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Buildings, beauty, and the brain: psychological responses to architectural design

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People today spend most of their lives in buildings. The design of the built environment can impact mood, behavior, and wellbeing. The evidence discussed in Chapter 1 suggests that the perceived beauty of an environment may influence wellbeing more than any single design variable considered in isolation. Some researchers have leveraged empirical methods of neuroscience and psychology to identify aesthetic features of architecture that support healthy psychological experiences. However, this line of inquiry faces persistent challenges in terms of a) measuring the environment itself and b) evaluating acute psychological responses relevant to design. This dissertation addresses both of these gaps in the literature by using pattern theory and image statistics to quantify aesthetic properties of architectural scenes (Chapters 4-5), and by advancing our understanding of how specific neural networks and psychological processes contribute to architectural experience (Chapters 2-3).

Chapter 2 outlines the first neuroscientific model of architectural encounters. According to this aesthetic triad framework, three large-scale neural systems generate aesthetic experiences in the built environment: sensorimotor, emotion-valuation, and knowledge-meaning systems. The chapter explores how design features interact with each of these neural systems to influence mental states and behaviors and investigates how emerging technologies like virtual reality and brain imaging could be leveraged in future research on the neuroscience of architecture. Building from this neural model, Chapter 3 investigates the core psychological dimensions of architectural experience within the context of the aesthetic triad framework. In a pair of experiments, participants rated architectural images on a series of diverse psychological measures. A Principal Components Analysis yielded three components that explained most of the variance in ratings: fluency (ease with which one organizes and comprehends a scene), fascination (a scene’s informational richness and generated interest), and hygge (extent to which the scene reflects a warm, personal environment). Whereas fluency and fascination are well-established dimensions in assessing natural scenes and visual art, hygge emerged as a new dimension in relation to architectural scenes.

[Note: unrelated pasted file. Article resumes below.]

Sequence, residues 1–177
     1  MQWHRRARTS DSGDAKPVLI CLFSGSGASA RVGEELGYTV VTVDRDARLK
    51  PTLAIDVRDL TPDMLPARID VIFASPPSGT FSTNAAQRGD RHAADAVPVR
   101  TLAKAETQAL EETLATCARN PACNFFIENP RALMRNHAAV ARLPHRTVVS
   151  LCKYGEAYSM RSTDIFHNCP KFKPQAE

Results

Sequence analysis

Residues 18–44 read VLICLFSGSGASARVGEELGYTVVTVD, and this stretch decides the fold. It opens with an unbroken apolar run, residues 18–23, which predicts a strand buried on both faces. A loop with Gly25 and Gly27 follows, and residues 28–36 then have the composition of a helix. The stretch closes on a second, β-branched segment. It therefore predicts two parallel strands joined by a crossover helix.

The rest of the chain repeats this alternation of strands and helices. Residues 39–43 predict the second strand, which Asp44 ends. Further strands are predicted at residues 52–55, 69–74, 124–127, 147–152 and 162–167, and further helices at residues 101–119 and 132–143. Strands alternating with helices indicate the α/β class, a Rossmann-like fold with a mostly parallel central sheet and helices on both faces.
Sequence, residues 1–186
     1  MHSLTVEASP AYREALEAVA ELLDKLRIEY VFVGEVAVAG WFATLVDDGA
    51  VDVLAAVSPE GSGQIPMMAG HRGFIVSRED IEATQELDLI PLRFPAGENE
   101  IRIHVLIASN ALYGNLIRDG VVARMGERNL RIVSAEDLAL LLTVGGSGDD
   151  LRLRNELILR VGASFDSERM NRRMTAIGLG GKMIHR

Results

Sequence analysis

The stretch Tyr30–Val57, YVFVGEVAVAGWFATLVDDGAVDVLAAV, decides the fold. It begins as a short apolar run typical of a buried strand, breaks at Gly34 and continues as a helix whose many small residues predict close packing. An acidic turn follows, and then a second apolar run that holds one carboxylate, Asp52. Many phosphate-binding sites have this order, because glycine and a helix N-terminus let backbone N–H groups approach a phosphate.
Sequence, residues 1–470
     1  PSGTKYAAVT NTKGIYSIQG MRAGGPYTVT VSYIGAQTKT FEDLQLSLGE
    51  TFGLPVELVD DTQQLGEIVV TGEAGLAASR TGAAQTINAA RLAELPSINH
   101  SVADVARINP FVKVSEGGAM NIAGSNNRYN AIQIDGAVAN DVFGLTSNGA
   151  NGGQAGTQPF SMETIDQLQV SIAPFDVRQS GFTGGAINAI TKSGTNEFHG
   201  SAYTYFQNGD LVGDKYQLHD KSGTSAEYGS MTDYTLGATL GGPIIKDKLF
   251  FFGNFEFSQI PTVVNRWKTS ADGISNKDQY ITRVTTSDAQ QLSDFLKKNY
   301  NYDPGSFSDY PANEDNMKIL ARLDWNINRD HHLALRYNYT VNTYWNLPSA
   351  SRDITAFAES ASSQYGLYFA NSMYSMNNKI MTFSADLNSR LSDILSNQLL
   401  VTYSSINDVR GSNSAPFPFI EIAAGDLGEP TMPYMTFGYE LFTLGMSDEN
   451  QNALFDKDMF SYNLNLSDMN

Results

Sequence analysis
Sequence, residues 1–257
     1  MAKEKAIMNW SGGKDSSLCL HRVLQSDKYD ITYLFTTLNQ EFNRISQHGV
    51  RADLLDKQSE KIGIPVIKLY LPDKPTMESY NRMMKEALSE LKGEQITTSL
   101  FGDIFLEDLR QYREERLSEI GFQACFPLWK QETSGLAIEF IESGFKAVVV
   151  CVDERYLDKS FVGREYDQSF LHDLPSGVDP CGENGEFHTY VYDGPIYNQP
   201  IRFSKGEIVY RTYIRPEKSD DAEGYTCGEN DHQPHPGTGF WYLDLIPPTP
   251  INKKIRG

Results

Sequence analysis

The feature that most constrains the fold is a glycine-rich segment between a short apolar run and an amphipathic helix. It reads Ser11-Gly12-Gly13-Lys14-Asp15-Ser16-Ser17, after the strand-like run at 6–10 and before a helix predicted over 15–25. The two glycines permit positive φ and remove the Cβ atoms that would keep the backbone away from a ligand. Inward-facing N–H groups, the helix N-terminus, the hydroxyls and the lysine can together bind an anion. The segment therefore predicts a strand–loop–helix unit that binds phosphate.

In Chapters 4 and 5, the focus shifts from measuring the brain to measuring the environment. Specifically, these chapters investigate whether people are innately attuned to nature-like visual patterns in architecture. Chapter 4 introduces Christopher Alexander’s theory of natural structure and reviews past literature linking biophilic design and wellbeing. In Chapter 5, a series of experiments are presented suggesting that subjective perceptions of naturalness are strongly predicted by low-level visual features of architectural scenes. Furthermore, naturalistic scaling and contrast features – two of Alexander’s proposed patterns of natural structure – are found to reliably predict similarity evaluations (derived from an image arrangement task) and aesthetic preference ratings of architectural scenes. The results of a final experiment suggest that preferences for nature-like architectural patterns may be associated with feelings of comfort and excitement that such patterns generate.

This research adds to a growing body of literature showing how aesthetic qualities of architecture impact human experiences. Novel theoretical frameworks are proposed for researchers to contextualize empirical studies on the psychology and neuroscience of architecture. New methods of image analysis are also used to quantify aesthetic properties of the built environment and to investigate how nature-like patterns in architecture influence psychological experiences. Together, these chapters provide new insight into the psychological influence of our physical surroundings, and they offer new research tools to inform the design of beautiful and brain-friendly buildings.





Steemers, Koen


Architecture, wellbeing, environmental psychology, biophilia, neuroaesthetics, aesthetics, psychology, christopher alexander


Doctor of Philosophy (PhD)

Awarding Institution

University of Cambridge
Cambridge International Scholarship (Cambridge Trusts)